WILLCOX — Shop Small Saturday hit Willcox last weekend despite the chill in the air.
According to City of Willcox Business Engagement Specialist Jordan Parrish, in 2018, 58 percent of the city’s sales tax revenue came from retail sales, 12 percent comes from hotels, 10 percent from restaurants and bars and 7 percent from contracting.
“I can tell you that 199 businesses have current licenses with the city (although at least a few of them have closed), and the majority of them are independent businesses,” Parrish said. “Also worth pointing out is that, unlike many small towns with a single major employer, we’re a lot more resilient in the face of economic trouble because of the variety of employment sources we have here. While we don’t have many flashy businesses operating in the area, we do have a lot of entrepreneurial people and a supportive community.”
The Range News visited several locally-owned businesses on Saturday located along Railroad Avenue. Rodney’s Restaurant began cooking promptly at 11 a.m., and many of the local wineries opened at that time as well.
Susie Vaughn, owner of Buffalo Sisters Trading Post Antiques and Collectables, had the doors open Saturday morning to greet visitors and talk precious stones with fellow enthusiast and customer Dove Schnebly.
“We’re doing better this year than we did two years ago,” Vaughn said.
The dual tasting room of the Copper Horse Vineyard and the Golden Rule Vinyard was the next stop. Gene and Ceci Rogge were visiting from Phoenix, tasting in the Willcox Commercial Building and lauded both wineries.
“We came back specifically for the Riesling (a Copper Horse wine) It’s dry and we particularly like that one,” Ceci said. “What Willcox could really use is a boutique hotel, right in the downtown area. And for the businesses to be consistent with their hours would be a help.”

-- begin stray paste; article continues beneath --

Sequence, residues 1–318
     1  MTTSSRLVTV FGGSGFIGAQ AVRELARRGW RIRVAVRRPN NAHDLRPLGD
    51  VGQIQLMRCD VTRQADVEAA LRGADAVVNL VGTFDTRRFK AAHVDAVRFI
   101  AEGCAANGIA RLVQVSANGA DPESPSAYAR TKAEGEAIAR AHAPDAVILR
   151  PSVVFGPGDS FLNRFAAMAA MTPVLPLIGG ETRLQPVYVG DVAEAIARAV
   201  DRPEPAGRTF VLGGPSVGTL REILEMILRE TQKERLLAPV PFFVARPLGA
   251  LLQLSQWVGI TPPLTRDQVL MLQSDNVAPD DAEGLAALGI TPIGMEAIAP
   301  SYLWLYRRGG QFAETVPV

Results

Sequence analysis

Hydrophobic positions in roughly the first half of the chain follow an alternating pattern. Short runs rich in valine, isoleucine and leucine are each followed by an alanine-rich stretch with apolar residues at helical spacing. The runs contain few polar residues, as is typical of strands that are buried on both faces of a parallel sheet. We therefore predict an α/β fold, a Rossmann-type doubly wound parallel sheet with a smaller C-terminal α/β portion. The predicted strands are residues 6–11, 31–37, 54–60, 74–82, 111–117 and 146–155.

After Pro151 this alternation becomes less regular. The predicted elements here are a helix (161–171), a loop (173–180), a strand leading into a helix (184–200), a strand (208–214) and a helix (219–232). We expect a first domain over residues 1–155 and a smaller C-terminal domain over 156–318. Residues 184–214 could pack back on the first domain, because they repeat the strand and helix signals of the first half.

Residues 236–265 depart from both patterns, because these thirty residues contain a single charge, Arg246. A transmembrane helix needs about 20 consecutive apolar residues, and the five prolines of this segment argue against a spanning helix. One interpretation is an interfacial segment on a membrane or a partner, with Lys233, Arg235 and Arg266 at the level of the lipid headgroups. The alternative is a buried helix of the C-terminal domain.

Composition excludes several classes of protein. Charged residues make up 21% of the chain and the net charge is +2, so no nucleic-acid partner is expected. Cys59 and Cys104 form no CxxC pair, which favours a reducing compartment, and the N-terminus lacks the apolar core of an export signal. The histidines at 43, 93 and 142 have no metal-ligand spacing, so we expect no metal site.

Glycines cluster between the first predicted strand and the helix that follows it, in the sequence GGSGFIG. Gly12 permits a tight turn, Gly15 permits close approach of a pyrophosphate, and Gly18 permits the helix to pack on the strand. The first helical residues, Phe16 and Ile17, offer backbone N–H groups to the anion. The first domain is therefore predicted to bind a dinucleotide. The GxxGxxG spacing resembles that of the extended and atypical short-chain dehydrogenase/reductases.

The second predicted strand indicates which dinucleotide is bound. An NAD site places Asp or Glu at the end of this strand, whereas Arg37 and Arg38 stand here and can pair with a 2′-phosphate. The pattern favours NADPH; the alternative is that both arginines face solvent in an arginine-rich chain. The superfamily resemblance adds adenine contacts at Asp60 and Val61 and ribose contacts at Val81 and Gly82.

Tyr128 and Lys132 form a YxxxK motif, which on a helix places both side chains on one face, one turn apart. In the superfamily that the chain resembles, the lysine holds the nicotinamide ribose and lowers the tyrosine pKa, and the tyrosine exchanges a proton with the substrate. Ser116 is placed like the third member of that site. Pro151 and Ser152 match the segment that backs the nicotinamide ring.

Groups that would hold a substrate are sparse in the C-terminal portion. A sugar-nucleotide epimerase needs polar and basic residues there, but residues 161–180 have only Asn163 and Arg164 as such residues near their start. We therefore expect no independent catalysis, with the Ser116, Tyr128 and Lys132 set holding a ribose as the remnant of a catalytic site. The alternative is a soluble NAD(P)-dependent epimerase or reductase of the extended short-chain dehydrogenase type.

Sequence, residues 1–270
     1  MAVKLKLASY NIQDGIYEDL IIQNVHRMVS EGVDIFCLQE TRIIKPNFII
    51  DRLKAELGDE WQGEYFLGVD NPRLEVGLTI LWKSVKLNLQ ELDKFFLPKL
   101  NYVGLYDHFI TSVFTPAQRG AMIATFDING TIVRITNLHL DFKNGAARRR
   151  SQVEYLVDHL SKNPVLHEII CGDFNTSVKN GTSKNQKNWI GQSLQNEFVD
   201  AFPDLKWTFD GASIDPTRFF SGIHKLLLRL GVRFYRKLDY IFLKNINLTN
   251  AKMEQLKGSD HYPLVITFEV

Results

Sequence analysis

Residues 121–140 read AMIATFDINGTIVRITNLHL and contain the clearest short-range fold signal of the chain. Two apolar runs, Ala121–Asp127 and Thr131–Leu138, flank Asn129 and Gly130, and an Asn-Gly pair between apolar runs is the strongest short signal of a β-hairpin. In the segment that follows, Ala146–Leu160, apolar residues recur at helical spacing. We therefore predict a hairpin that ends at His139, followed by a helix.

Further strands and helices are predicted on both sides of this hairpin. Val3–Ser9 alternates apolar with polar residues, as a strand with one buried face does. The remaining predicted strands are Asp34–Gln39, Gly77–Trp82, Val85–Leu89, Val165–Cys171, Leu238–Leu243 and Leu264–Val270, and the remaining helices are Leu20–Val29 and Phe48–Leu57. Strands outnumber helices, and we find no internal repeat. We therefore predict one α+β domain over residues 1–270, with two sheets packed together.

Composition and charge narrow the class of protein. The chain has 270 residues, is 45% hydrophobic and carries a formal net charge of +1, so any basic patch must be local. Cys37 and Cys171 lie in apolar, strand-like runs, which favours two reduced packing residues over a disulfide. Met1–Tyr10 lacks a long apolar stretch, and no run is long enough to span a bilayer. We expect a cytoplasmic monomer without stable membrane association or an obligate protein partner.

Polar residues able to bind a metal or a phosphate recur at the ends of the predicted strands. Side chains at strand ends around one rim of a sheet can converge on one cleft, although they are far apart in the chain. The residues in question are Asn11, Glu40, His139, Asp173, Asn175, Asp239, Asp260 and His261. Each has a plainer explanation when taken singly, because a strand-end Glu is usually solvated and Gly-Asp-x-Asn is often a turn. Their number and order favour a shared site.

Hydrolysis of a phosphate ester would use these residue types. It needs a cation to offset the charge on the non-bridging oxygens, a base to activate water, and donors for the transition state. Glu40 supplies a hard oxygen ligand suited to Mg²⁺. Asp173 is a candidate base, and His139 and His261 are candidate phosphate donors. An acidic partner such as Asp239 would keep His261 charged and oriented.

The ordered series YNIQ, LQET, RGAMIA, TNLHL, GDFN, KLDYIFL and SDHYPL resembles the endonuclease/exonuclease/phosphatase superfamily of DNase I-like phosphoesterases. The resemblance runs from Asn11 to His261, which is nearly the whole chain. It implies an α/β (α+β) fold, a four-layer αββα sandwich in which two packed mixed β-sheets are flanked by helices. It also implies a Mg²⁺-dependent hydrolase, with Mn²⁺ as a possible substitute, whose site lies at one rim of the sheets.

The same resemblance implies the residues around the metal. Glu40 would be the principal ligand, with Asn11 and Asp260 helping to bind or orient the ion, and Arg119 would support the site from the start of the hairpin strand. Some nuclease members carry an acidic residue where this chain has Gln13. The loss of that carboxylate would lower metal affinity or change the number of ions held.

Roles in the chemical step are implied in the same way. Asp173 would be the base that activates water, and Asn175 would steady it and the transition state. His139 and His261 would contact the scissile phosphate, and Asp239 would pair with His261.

BOWIE — Bowie Elementary School was recently honored, being recognized as the Most Improved School in Cochise County.
Bowie school officials were told of the honor by Jacqueline R. Clay, Cochise County superintendent of schools. In her letter, Clay lauded the school and its students.
“The overall performance of your students is higher than (the) state average. A ‘B’ grade reflects their distinguished accomplishment on the statewide assessment, significant growth and overall performance. This grade measures critical areas key to students’ success in school and career, mastery of math and language arts, and their readiness to move on,” Clay wrote in her letter to Bowie Superintendent Wendy Conger.
Mike Myers, chairman of the Bowie School Board, commended Conger’s leadership, crediting her with guiding the school and encouraging students and teachers to strive for higher achievement.
“She’s always trying to keep them involved; that’s why her students have gone so far. I’ve been on the School Board for nine years, and Wendy has outperformed any other superintendent. I cannot give her enough praise. And when we give her praise, she blushes,” Myers said. “She says, ‘I don’t deserve that.’ It’s a school district; there’s going to be ups and downs, but all I see is ups.”